Little known but loved…

Posted By: Netcelerate

Published: September 26, 2017 12:20


There are all kinds of things that are pretty much considered the norm across a VoIP business phone system. Call forwarding, whisper and barge, call recording, and video-conferencing are just a few of the options that are featured in even the most standard of configurations.


However, there are some out there that might not be so well-known, but are just as important in the ever-deepening quest for that ultimate expression of business-to-consumer love: UC, or Unified Communications. A term whispered in hushed, reverent tones in break rooms and server closets.


And today, without any ado, we’re going to let you in on some of the things that we feel could use a little more attention. Shall we?


Virtualization


No, we’re not talking about big, heavy, complicated goggles and gloves that you wear to open a fake door in a fake world that leads to… some other fake thing. What we’re talking about is the virtualization of things like scalability and disaster management, two things that, until a few years ago, were nigh impossible to predict or plan for. Imagine if you could virtually grow your company by 100%, with measurable data and emulations that would help you to test systems and see how well it went. Or if you could have a rock-solid plan in place for a massive power outage or hacking scenario, because you’d run that through the system already. Pretty cool, right?


Plug-and-play hardware


This may seem like a no-brainer, but ask any company executive whose organization had to rely on an out-of-state PBX solution, and you might hear some horror stories. With newer solutions available in many sectors, it’s become easier than ever for businesses to effortlessly install, upgrade, and maintain the hardware that makes their everyday communications possible. And with remote configuration tools and automatic provisioning, it gets even easier. It’s not a game of Jenga, or anything, but you won’t be diving for the Excedrin any time soon.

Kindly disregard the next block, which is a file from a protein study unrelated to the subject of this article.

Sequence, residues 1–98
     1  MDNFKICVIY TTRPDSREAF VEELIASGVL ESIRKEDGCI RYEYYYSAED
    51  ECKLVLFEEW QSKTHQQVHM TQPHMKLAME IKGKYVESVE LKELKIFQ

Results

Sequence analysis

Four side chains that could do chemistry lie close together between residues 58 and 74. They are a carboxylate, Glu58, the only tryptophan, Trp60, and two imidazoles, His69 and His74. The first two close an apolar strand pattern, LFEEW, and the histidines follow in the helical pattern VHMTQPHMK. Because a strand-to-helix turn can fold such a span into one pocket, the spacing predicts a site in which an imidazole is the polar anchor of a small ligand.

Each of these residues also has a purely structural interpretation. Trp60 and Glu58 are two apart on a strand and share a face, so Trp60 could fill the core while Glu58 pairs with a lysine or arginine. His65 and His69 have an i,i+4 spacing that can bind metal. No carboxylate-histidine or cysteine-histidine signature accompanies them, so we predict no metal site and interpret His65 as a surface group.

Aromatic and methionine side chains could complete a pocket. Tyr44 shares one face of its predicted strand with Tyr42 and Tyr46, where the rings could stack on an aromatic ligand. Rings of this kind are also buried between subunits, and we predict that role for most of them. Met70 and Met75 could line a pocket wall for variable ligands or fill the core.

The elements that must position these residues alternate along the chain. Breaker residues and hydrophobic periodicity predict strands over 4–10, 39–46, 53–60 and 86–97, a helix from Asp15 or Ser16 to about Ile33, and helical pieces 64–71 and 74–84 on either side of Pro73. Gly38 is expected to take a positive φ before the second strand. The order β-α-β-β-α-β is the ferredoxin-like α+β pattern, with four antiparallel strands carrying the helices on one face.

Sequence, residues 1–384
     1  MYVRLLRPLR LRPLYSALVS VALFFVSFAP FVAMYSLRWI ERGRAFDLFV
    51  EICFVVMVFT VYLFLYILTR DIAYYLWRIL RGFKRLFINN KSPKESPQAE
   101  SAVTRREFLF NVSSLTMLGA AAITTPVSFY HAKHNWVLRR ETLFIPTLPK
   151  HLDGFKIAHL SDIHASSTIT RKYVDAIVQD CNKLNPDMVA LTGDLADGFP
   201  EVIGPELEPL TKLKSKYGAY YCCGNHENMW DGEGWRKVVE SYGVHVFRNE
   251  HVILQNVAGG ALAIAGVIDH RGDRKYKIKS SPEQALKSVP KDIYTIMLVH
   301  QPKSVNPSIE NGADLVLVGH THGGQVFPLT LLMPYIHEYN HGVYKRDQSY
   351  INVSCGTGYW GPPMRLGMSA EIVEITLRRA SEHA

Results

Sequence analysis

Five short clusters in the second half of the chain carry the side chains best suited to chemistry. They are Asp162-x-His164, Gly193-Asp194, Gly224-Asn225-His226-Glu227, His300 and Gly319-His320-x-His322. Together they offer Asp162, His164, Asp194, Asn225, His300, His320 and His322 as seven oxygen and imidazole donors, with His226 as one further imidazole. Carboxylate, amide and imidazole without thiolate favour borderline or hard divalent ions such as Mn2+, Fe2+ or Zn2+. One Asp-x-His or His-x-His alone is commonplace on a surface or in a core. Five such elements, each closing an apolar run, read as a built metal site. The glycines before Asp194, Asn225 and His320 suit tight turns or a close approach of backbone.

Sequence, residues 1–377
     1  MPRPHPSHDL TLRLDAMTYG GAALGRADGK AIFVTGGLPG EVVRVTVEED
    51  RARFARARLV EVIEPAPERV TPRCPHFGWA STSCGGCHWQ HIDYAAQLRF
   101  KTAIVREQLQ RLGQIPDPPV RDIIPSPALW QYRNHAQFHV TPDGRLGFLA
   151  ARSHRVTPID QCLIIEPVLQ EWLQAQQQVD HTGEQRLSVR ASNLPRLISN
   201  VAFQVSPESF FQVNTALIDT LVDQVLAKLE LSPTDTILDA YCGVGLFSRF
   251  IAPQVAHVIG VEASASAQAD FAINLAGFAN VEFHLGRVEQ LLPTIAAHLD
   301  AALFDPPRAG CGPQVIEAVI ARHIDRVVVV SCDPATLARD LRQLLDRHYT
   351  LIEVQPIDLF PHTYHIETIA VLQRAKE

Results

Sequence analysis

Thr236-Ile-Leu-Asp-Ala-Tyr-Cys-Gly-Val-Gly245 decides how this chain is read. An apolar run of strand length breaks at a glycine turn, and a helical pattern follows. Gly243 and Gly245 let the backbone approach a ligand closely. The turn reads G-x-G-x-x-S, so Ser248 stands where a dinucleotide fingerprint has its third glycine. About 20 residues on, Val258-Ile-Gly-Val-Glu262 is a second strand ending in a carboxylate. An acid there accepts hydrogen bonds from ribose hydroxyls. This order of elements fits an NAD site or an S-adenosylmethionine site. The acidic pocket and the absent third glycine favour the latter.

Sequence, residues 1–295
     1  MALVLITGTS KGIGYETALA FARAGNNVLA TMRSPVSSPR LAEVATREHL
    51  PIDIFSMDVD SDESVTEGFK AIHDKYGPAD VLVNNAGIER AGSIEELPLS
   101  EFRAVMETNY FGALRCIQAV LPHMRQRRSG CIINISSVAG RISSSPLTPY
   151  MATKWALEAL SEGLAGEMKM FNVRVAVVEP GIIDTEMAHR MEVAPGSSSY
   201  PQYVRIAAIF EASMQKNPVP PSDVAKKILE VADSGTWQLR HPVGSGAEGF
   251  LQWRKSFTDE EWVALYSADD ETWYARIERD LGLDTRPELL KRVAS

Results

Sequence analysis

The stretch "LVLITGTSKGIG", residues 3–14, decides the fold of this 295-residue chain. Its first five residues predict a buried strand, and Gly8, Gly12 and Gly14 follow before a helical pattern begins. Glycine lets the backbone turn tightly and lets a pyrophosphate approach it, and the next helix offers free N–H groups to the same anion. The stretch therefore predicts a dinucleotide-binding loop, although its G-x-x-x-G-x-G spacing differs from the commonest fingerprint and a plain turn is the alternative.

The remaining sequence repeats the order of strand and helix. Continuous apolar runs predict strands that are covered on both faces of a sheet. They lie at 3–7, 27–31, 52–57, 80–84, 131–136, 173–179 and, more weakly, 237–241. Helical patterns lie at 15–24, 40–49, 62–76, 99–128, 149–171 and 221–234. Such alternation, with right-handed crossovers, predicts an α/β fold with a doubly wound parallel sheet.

Direct Inward Systems Access (DISA)


This capability is something that any organization with remote workers (something that has become much more prevalent in today’s mobile-centric economy…) can use to make it easier for their people to access their internal network. Using any remote access device and an assigned pin, your people can log into their network, have access to their files, and utilize the communications platforms of the company from any location. And they won’t even have to use a quarter to do it.


There are more lesser-known features that we’ll tell you about another time, but if there’s one that you have a specific question about, feel free to leave a comment below and we’ll gladly reach out to go over it with you. Until next time, friends!


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